To achieve the look I was going for, I paired it with the Jennifer Lauren Gable top, which has a chic 1950s-inspired slash neckline. I shortened the top to hit at my natural waistline, tapered it in slightly and added clear elastic to the bottom before attaching the full skirt from the Pauline Alice Aldaia dress. The Aldaia skirt comes up quite short, so I added about 13cm to the length for a more formal vibe.

I couldn't be happier with how it turned out. I felt ridiculously elegant swishing around in it on the night, which was quite impressive given that I've basically made secret pyjamas disguised as a dress. Better still, I can genuinely see myself wearing it for so many other occasions.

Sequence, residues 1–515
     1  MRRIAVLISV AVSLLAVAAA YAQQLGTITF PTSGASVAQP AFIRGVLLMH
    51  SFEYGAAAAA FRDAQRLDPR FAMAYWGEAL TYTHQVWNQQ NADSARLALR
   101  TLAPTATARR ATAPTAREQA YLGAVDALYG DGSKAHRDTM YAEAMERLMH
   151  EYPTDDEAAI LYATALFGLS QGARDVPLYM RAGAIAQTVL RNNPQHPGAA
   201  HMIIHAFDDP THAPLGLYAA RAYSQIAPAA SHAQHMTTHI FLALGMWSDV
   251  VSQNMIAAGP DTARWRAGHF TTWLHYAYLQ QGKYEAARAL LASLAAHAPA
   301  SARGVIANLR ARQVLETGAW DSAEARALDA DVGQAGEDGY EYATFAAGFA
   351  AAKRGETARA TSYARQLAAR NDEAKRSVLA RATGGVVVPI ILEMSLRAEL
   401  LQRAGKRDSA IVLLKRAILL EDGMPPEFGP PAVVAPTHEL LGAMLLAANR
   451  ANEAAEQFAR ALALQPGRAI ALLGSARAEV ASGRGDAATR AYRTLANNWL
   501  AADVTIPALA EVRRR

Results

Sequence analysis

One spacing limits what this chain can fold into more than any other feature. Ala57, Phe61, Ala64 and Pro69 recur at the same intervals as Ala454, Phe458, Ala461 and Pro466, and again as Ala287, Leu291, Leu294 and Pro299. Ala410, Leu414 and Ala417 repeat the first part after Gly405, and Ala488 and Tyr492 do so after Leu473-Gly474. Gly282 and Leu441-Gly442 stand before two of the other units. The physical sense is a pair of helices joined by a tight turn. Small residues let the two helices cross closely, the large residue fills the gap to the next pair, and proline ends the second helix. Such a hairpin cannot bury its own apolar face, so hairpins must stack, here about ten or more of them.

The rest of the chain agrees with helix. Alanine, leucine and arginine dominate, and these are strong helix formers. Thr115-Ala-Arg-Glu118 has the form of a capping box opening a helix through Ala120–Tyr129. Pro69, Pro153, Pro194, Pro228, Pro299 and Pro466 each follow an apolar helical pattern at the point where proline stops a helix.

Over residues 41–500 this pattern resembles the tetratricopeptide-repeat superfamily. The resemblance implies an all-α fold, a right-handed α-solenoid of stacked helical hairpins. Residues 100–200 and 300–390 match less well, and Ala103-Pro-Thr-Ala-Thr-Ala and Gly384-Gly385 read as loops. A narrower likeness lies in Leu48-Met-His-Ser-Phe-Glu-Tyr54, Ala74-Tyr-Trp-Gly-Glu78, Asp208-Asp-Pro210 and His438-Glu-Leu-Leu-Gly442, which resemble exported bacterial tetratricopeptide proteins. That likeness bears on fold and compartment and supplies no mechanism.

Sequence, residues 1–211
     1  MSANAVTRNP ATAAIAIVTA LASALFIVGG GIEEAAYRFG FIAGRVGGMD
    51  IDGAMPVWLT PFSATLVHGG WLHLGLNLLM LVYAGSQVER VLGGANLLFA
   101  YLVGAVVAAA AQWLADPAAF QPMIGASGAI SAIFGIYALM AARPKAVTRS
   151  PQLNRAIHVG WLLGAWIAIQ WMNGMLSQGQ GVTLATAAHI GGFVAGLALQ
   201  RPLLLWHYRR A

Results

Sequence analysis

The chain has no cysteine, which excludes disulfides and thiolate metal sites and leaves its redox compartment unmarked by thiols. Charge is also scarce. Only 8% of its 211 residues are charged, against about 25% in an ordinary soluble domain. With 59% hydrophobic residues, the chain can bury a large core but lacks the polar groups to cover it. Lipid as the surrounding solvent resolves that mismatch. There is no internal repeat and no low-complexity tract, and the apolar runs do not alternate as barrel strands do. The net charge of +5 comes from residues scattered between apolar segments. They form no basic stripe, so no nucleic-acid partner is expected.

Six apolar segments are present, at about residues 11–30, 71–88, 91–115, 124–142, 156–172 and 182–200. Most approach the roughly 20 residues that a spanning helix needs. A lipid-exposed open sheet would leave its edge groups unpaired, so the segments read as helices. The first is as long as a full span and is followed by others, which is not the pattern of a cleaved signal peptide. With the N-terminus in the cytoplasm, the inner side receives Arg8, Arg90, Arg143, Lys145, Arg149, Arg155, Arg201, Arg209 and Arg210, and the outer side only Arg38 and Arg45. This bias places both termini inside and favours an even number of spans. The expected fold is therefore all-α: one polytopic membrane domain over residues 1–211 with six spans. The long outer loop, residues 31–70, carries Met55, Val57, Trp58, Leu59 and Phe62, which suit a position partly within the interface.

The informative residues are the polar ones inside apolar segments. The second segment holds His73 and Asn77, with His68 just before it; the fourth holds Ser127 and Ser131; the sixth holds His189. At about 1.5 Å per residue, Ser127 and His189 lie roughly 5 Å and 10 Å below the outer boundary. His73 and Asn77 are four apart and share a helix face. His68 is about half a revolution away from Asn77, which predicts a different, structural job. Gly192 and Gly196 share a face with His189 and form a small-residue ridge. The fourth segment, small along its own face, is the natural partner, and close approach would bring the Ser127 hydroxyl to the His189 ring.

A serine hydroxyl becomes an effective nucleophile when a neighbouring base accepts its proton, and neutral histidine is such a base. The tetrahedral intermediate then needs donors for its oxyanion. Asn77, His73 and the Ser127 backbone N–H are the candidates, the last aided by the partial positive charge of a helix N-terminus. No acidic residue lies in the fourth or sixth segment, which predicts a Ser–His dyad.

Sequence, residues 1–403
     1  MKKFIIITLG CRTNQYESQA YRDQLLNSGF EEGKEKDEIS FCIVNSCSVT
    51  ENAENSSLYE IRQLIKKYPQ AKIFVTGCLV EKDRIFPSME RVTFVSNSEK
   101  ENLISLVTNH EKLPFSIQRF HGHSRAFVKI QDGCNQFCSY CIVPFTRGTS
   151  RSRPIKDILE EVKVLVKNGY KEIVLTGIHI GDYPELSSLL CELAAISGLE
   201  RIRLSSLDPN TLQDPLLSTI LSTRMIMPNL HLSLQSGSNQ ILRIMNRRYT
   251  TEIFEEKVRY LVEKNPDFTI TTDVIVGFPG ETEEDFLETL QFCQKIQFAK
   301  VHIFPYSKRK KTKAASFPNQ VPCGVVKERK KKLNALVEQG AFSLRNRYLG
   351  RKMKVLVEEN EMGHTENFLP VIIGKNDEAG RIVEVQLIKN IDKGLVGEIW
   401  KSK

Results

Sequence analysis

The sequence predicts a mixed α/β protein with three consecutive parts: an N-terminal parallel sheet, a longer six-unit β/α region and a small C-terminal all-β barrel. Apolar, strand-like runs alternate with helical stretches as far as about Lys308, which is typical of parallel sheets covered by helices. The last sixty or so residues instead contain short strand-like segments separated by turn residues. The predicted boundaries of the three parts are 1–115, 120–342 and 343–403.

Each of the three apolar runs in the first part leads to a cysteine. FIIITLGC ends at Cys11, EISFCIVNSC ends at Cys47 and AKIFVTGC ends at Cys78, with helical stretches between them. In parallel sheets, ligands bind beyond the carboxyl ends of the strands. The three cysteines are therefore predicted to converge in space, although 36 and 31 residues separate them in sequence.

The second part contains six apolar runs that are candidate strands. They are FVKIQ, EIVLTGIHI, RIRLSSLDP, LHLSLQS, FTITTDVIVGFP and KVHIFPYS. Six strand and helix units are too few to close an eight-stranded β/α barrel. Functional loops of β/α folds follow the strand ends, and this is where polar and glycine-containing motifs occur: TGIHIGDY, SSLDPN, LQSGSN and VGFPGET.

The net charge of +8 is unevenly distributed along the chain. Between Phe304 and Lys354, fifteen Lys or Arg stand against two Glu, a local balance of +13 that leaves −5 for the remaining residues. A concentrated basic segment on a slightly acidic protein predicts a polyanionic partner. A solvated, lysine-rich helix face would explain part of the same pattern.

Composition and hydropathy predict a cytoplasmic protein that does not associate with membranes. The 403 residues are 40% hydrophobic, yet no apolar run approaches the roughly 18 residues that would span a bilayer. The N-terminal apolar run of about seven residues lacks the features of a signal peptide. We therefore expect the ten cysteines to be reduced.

The biggest thing going for this dress though? It matches my handsome mini rex rabbit called Opie. Well, it's not quite as lush as him, but it's close! Now I have two dresses that match each of my rabbits - remember my original Aldaia in the grey colourway which perfectly complements Birdie rabbit? If #DressLikeYourPet or #MatchYourPet aren't a thing, they should be. Who's in?

Finally, a MASSIVE 'thank you' to Freya and Sarah from Crafty Sew & So for hosting such a wonderful night, in Leicester no less! I never fail to be impressed by how far stitchers will travel to meet up with each other and by how talented, beautiful and funny they are.

Happy birthday to me! The greatest gift I've given myself this year is finishing and photographing this dress - 1950s Simplicity 3931 - because it makes me feel like a vintage vixen!